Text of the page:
Most MBE preferences now go to businesses owned by members of official minority groups who are not descendants of enslaved Americans. The ADOS population is dwarfed demographically by the combined population of Hispanics, Asian Americans, Native Americans, and black immigrants from Africa and the Caribbean and their descendants. The non-ADOS groups not only outnumber black Americans but on average have more of the economic, educational, and social capital needed to obtain government contracts.
Under current rules and norms, anyone with partial Asian or Hispanic ancestry going back at least to one's grandparents and perhaps indefinitely can claim membership in those groups. Americans of mixed ancestry are generally willing to shift their self-identified racial or ethnic status to whatever currently benefits them….Within a generation or two, a large majority of Americans will be eligible for MBE preferences. If almost everyone is eligible for affirmative action preferences, they cease being meaningful. Limiting MBE preferences to fewer people may be the only way the preferences can be saved.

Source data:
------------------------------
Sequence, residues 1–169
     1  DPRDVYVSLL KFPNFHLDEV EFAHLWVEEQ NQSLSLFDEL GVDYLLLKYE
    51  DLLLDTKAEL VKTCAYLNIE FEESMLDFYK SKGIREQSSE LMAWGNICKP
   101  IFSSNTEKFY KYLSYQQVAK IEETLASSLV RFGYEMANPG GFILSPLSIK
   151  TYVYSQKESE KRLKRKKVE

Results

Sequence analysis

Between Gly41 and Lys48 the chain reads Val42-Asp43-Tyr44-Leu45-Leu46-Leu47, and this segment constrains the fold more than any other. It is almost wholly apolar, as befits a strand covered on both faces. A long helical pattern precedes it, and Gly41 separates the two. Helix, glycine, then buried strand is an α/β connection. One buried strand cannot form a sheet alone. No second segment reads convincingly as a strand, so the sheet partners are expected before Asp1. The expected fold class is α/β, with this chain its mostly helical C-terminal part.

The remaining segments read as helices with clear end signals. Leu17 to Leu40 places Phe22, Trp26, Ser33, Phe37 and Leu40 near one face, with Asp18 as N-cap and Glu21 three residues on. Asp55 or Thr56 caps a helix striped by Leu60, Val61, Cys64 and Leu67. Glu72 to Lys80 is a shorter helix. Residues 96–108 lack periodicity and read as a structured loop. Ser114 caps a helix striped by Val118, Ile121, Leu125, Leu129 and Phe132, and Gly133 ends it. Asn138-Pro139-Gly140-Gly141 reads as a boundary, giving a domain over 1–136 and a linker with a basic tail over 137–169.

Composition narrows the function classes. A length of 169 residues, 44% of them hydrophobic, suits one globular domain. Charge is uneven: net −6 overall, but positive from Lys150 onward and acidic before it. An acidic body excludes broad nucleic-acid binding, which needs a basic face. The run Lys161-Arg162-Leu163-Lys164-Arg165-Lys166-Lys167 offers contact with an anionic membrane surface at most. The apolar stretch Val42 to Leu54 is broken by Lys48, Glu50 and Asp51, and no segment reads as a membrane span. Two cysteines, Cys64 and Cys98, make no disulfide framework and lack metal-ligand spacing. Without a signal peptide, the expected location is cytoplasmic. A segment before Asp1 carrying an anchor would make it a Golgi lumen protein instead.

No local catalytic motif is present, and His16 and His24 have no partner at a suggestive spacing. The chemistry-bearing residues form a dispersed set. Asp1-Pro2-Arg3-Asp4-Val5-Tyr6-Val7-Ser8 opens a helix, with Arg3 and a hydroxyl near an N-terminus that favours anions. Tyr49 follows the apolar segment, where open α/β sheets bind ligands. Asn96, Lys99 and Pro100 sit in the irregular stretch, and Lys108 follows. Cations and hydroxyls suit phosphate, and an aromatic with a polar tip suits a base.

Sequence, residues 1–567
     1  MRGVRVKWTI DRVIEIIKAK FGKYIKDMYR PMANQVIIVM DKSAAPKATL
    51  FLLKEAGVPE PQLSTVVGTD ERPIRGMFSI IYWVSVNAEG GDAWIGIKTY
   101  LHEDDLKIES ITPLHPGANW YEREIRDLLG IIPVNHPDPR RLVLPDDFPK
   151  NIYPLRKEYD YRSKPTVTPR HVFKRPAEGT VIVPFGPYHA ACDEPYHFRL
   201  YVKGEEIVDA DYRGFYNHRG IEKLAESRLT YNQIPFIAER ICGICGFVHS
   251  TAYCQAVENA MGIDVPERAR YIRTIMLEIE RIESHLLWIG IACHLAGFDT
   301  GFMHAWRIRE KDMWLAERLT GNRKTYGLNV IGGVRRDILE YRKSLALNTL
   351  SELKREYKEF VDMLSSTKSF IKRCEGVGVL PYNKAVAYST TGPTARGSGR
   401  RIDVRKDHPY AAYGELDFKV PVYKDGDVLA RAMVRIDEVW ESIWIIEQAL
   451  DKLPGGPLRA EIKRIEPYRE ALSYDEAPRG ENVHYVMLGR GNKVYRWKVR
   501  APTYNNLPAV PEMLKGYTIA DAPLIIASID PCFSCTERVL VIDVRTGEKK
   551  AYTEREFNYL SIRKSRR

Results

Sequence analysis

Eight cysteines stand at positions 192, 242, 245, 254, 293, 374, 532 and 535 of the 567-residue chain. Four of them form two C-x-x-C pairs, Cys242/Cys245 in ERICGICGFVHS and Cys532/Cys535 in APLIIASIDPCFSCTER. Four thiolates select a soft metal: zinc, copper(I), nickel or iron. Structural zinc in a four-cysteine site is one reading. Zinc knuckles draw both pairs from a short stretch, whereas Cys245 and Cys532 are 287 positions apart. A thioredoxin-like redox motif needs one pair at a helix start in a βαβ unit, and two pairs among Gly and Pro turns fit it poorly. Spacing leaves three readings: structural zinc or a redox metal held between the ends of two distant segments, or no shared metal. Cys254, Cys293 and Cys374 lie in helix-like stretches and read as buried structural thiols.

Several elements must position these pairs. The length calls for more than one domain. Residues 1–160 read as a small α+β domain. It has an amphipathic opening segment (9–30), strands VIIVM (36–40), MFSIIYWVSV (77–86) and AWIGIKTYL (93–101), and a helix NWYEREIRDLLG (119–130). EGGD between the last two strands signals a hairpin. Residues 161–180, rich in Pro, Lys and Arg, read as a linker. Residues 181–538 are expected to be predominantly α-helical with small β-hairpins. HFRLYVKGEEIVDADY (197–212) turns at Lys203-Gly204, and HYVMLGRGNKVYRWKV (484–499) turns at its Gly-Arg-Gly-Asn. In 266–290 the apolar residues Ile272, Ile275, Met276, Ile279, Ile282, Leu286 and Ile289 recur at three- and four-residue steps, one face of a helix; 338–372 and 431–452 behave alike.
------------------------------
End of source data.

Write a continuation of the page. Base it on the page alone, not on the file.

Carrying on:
All this suggests that to the extent MBE preferences continue, the government should limit them primarily to the original intended beneficiaries, ADOS. Members of recognized Indian tribes who live on and perhaps very close to reservations, a much smaller demographic, should also be included. Such a limitation would have several advantages. First, ADOS and residents of Indian reservations are the two American groups whose ancestors suffered the most by far from state and private violence, oppression, and exclusion, with continuing reverberations today….
Finally, government-granted preferences to people based on their racial or ethnic category raise constitutional, ethical, and practical concerns. But neither descent from American slaves nor membership in an Indian tribe and residence on an Indian reservation is a racial category, as such [see Morton v. Mancari]. Black Americans born in Africa would no longer qualify for MBE preferences, nor would a Los Angeles resident who has one Native American great-grandparent from whom he inherited tribal membership.
I then turn to racial preferences in higher education:
The only purpose for which the Supreme Court permits university-level affirmative action is to enhance the "diversity" of a school's student body for the benefit of all concerned…. Yet the way colleges go about achieving racial and ethnic diversity makes little sense if diversity per se is the objective, as opposed to using diversity as a subterfuge while pursuing other objectives.